Marks & Spencer saves on salad pack
In the UK a Waste & Resources Action Program (WRAP) funded project is trialing an innovative way to seal flexible film bags and pouches, which is claimed to save at least 10% of the packaging material used on those products.
Marks & Spencer (M&S) is adopting the sealing technology, which uses the method of sealing the top and bottom of bags to use less material, produce a stronger seal and give a cleaner appearance.
Following the trials, M&S has given the go-ahead to implement the technology across all salad bags. The packs are expected to be in store by the end of the summer.
The trials were funded by WRAP in partnership with International Food Partners (IFP), who developed the technology in conjunction with Ceetak Ltd a UK company specialising in flexible film sealing systems. IFP worked with Tilmanstone Salads a salad supplier, and M&S. Called Integrity Seal, the technology uses heat to melt the film to make a welded seal on the ends just 1 mm wide rather than using the traditional method of crimping, which results in a much wider seal.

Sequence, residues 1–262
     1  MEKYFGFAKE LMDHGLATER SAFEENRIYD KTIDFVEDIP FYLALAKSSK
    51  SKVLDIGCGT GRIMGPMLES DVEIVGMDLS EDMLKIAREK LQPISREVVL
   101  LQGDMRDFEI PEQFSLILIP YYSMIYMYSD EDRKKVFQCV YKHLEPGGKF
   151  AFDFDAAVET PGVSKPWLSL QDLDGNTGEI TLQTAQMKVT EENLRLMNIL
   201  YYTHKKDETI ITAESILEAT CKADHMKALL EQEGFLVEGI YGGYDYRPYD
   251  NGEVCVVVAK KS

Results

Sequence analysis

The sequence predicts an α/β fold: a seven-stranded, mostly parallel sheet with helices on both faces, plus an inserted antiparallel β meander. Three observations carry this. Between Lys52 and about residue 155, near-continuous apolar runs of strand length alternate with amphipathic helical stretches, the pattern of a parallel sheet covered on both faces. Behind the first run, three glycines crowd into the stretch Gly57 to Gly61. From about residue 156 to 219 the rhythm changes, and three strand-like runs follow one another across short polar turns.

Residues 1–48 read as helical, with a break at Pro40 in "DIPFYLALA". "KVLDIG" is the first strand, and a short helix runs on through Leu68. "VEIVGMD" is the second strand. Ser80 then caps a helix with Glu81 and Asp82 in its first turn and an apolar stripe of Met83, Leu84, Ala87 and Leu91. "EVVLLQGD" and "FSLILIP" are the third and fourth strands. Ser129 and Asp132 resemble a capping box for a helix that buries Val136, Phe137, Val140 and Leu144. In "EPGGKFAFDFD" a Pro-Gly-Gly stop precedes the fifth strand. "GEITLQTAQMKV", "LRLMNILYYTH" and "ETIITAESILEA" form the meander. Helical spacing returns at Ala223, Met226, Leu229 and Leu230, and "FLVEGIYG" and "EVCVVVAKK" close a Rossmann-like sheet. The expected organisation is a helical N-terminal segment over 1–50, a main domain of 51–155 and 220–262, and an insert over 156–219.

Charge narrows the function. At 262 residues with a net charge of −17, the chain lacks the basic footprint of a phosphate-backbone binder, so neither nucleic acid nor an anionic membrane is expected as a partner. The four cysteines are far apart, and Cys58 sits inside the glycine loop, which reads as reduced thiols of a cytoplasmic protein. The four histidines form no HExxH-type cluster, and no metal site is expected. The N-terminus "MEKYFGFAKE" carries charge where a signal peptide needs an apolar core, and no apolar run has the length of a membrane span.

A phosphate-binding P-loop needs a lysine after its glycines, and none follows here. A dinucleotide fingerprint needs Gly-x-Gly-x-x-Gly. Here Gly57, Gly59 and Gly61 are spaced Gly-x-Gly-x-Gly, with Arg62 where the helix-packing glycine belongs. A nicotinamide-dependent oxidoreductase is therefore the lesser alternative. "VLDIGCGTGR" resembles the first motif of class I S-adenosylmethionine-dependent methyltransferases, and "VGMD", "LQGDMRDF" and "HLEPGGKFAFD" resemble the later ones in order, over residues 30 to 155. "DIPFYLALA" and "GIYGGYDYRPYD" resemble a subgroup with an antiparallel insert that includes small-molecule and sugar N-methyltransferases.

Trials have shown that Integrity Seal produces a superior seal compared to crimping and therefore has the potential to improve shelf life for example, increasing the life of certain types of salad from five to eight days. Pack appearance was also well received by consumers in consumer research, who particularly felt that the new seal looked neater than traditional crimped bags.
Commenting on the news, WRAP project manager Andrew Parry, said: This new technology could be applied across a wide range of product packs, from salad and snack bags to cosmetics and DIY products. It reduces the amount of material used for each bag, can keep products fresher for longer, and so has the potential to divert a substantial amount of packaging material and food waste from landfill sites.
Helene Roberts, head of packaging for M&S, added: We're proud to be the first retailer to use the new Integrity Seal technology. It enables us to reduce the amount of packaging we use, which helps us to lessen our impact on the environment as well as save on packaging costs. It also benefits our customers as our salad packaging not only looks better but it helps the product stay fresher for a longer period.
IFP's Graham Clough said: It is great to see our Integrity Seal being used in such a high volume area as Marks & Spencer's salad bags. It proves that the technology has real-world potential.
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